Treasury To Tackle Financial Greenwashing

Published / Last Updated on 10/06/2021

The Treasury is to form a new independent body called The Green Technical Advisory Group (GTAG).  The group will oversee the Government's delivery of a “Green Taxonomy” a framework which aims to provide clear standard that would establish when investments or financial products can be defined as environmentally sustainable.

As an independent body, GTAG will provide ministers, officials and businesses guidance on how to address concerns over alleged greenwashing (not really green/faked) within the financial industry.

In recent years green financial products and environmental, social and governance (ESG) focused funds have experienced an increase in demand and their growing popularity has been accompanied by concerns that some products struggle to deliver the environmental benefits as promised. 

The Government aims to prevent greenwashing and make it easier for investors and consumers to understand how a firm or product is impacting on the environment and is similar to the EU’s effort.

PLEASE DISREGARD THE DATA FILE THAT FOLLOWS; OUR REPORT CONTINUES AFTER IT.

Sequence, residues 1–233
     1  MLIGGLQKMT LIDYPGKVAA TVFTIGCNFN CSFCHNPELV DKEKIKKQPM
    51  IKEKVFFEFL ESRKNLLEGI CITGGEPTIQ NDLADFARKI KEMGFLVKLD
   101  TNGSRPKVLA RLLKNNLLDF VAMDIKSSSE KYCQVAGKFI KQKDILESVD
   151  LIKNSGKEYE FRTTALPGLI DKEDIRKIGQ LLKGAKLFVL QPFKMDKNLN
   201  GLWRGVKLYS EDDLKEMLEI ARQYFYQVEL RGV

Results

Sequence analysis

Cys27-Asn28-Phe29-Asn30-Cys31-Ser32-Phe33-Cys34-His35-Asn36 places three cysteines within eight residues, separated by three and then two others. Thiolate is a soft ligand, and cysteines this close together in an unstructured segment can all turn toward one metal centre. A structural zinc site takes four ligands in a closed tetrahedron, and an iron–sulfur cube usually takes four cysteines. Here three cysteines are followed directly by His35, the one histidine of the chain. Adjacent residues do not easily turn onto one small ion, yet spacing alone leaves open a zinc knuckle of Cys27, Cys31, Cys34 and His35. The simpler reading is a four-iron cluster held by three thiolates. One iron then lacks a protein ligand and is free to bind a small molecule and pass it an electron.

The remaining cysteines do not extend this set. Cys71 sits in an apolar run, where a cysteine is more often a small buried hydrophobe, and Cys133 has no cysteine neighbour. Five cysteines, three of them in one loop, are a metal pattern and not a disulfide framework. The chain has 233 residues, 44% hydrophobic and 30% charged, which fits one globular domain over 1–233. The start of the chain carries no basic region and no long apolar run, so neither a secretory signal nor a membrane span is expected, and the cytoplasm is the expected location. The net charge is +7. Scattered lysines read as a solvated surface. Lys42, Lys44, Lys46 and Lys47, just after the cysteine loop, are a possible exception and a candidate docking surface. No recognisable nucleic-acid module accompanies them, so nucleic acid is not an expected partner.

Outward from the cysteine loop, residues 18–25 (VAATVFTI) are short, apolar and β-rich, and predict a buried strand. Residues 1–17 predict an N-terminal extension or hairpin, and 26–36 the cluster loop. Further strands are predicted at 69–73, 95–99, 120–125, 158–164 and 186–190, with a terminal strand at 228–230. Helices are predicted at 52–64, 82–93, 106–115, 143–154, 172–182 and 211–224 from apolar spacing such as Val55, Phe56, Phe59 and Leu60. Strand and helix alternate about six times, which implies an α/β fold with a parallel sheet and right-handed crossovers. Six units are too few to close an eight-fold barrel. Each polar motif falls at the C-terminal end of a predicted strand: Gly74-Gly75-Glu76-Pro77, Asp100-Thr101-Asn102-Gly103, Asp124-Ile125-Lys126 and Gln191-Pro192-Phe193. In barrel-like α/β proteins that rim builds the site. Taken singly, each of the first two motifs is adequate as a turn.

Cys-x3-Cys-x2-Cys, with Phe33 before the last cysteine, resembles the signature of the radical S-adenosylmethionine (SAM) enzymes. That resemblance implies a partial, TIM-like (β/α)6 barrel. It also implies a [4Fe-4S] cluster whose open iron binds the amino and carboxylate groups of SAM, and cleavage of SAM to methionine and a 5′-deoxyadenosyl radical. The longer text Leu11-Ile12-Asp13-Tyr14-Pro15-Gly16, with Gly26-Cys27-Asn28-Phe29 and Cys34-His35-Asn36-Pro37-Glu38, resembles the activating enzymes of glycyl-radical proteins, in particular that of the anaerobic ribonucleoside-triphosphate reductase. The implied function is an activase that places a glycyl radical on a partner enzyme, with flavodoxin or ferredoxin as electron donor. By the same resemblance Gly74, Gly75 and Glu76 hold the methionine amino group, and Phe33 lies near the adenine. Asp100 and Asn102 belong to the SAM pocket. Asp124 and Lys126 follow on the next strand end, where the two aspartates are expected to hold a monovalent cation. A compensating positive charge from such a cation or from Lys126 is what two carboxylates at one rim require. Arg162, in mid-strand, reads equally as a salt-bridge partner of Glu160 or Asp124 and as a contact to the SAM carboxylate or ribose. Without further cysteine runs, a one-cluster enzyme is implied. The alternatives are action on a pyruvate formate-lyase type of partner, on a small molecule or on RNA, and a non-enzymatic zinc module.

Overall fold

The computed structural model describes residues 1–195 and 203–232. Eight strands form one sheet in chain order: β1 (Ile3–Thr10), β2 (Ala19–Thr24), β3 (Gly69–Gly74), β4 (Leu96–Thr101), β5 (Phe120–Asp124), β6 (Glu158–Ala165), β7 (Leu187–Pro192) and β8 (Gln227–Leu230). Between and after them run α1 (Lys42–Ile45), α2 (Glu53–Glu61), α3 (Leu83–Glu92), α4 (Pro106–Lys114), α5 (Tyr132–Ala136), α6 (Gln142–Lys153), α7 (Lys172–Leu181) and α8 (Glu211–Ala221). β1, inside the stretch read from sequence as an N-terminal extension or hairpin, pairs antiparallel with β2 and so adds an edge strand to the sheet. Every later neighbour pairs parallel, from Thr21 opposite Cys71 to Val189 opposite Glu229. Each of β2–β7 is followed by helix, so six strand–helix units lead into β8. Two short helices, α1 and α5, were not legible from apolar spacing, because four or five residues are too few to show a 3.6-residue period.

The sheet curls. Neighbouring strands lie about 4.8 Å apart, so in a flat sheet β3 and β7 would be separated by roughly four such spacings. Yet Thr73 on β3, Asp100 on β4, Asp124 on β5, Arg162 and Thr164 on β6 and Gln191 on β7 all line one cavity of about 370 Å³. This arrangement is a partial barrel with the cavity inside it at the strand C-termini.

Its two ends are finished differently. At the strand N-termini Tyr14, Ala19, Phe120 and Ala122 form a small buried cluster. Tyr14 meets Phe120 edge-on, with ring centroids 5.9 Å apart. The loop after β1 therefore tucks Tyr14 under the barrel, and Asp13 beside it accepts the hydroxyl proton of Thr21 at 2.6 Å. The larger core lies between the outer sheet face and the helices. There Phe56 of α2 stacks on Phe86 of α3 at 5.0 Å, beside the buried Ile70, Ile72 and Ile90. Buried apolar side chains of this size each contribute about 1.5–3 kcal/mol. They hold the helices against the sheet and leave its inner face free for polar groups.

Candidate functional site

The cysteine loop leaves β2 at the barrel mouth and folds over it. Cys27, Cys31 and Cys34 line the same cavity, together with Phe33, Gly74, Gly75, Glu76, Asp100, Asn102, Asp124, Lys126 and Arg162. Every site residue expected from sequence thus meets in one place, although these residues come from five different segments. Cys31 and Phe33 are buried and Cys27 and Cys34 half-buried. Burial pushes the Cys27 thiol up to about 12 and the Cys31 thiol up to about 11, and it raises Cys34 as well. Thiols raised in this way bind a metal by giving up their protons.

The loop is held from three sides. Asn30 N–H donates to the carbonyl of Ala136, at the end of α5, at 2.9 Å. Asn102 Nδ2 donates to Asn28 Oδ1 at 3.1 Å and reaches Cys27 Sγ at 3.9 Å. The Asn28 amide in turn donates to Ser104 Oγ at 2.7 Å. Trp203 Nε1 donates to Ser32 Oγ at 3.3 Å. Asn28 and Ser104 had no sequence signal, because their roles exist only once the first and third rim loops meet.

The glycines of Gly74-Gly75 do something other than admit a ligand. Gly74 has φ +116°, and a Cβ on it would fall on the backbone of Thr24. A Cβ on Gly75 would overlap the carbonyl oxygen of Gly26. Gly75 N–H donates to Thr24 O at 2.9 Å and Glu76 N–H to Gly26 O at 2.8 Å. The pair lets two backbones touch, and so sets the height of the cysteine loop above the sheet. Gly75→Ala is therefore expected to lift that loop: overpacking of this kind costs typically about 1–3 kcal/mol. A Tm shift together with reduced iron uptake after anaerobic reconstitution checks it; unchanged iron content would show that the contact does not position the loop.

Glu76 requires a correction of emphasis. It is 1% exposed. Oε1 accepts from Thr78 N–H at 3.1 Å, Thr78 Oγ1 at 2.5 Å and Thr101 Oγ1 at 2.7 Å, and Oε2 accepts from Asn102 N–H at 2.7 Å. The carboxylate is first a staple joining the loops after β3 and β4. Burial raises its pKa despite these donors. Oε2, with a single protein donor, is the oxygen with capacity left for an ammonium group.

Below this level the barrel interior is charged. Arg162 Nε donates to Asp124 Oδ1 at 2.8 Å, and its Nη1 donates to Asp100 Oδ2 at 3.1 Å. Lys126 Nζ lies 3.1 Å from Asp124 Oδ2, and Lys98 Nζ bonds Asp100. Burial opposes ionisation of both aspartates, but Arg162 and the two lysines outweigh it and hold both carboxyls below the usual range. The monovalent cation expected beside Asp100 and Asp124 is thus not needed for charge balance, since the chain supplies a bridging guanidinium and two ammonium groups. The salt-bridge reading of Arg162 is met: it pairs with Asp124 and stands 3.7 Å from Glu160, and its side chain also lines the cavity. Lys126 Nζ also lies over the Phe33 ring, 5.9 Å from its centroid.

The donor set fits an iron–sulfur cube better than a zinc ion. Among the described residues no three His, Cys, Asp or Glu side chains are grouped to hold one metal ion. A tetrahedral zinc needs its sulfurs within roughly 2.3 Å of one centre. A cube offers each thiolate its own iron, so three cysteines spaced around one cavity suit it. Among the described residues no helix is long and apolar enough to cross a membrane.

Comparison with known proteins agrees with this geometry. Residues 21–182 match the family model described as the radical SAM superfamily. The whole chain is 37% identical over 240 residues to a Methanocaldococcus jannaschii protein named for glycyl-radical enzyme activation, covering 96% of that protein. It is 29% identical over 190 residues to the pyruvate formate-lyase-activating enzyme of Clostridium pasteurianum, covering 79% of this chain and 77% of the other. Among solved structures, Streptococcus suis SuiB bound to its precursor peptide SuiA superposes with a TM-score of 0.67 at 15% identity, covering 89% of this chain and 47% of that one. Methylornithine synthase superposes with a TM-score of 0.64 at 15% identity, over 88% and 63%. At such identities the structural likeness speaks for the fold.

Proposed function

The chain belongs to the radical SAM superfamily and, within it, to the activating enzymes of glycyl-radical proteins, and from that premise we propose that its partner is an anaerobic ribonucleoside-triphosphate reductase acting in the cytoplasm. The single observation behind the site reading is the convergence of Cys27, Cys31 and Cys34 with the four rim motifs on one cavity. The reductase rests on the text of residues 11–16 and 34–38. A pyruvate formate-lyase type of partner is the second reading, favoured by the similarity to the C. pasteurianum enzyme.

Although debates on policing the new guidelines and arguments to which assets should be classified as ‘Green’, the experts at GTAG will work independently and provide advice to the government on developing and implementing a green taxonomy in the UK.

Ingrid Holmes of the Green Finance Institute will chair the new group, together with a host of 18 leading financial and business stakeholders including taxonomy and data experts.

Jon Glen economic secretary to the Treasury has welcomed the group and said the Government wanted the new group formation to be investors and businesses and play a part in greening our economy and transitioning to net zero, also to have a clear common definition of the meaning Green.

Also announced today the Government will appoint an Energy Working Group as part of GTAG to provide advice on key technologies, such as hydrogen, carbon capture, utilisation, and storage and how to address nuclear power in the taxonomy.  Nuclear being the key element of the UK’s net zero plans.


Demand is now outstripping supply of ethical investment opportunities as more people look to invest responsibly.  The tide will turn and more stocks will become greener as more and more stock market listed companies move towards lowering their environmetal impact.  This, in turn will reduce the frequency of greenwashing.

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